parents have given him some acetaminophen for his fever and attempted to push liquids aggressively. No one
else in the home has been ill.

Jimmy has no other medical illnesses. He takes no medications and has no known allergies. He has never been
hospitalized. He has a normal development milestone history. He attends a daycare program at a local church
three full days per week. He is an only child.

Emergency Room Evaluation

Jimmy was evaluated in the Emergency Department. He was found to have fever. He was dehydrated and
required intravenous fluids. His white blood cell count was elevated, suggesting a bacterial infection. Jimmy
was admitted to the hospital for continued intravenous fluids and further evaluation and treatment.




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VI.    HANDOUT 2

Jimmy was given intravenous fluids and an antibiotic call ciprofloxacin by mouth. On his second hospital day,
cultures of his stool grew out Salmonella enteriditis that was resistant to the ciprofloxacin. He was changed to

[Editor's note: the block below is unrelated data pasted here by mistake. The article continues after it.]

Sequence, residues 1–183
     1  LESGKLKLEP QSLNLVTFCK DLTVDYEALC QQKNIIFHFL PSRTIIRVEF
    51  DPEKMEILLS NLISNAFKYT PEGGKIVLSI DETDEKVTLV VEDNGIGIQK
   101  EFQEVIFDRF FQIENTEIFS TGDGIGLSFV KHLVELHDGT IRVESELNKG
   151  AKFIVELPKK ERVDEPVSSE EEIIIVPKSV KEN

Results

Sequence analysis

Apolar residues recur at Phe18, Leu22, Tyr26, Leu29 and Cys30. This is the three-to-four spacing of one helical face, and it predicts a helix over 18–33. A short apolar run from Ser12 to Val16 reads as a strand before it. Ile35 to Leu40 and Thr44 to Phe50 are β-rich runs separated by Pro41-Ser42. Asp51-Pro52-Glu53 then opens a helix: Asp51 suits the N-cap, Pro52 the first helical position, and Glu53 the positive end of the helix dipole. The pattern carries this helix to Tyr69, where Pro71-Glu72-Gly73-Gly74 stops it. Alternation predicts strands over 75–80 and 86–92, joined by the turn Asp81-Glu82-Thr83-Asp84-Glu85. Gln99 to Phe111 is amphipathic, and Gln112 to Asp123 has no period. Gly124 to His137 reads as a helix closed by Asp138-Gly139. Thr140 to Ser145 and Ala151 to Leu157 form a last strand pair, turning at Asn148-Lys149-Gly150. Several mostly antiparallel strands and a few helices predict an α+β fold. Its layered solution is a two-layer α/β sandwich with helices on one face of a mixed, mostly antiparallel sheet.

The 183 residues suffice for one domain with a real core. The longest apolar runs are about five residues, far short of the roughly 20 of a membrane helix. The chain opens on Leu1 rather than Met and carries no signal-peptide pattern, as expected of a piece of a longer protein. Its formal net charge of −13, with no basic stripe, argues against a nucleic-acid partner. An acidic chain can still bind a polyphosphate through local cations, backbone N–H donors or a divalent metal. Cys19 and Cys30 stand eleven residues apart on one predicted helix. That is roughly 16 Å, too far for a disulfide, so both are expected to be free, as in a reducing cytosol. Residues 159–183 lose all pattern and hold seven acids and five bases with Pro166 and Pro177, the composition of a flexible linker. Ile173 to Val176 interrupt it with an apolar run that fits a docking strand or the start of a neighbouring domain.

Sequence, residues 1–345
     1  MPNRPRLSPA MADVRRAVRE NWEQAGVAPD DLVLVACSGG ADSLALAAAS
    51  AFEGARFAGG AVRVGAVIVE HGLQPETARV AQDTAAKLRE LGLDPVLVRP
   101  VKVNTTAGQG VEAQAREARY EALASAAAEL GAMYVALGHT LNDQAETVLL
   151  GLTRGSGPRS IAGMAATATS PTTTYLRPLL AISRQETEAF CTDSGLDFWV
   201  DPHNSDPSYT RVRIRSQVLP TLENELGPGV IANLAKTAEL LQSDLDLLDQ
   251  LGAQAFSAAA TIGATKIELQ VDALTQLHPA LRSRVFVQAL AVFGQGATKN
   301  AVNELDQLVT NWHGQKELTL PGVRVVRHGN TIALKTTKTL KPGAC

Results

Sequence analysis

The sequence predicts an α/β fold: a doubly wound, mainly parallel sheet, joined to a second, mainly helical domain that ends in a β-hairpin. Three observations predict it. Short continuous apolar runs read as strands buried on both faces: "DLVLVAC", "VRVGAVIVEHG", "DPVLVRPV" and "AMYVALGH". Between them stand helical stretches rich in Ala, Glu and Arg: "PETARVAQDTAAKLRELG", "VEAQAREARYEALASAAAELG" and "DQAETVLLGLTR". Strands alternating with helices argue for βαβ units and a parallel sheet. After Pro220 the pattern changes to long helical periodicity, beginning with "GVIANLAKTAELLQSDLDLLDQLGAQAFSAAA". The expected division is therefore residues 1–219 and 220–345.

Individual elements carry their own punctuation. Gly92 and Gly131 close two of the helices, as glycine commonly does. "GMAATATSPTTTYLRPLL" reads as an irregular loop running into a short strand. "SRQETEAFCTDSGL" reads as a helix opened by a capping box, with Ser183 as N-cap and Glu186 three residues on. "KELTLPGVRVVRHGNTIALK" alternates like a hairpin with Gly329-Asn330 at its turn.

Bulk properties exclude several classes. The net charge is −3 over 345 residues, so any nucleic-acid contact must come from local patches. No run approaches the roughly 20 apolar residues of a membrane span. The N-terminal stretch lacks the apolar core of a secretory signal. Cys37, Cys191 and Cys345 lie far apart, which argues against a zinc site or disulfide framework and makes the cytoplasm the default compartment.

another antibiotic. He improved over the next two days and was sent home on oral antibiotics.

Several other patients were admitted to the hospital after Jimmy with similar symptoms. They also were found
to be infected with Salmonella. Investigation showed that it was the same subspecies that infected Jimmy. The
cases were all reported to the local health department, which investigated the outbreak. It was determined that
Jimmy and others ate egg products at a local restaurant chain. Salmonella was isolated from some of the eggs at
one of the restaurants. All restaurants in the chain received eggs from a single distributor. Multiple potential
inadequacies in the chain of food preparation, storage, shipping, and production were identified in the outbreak
investigation.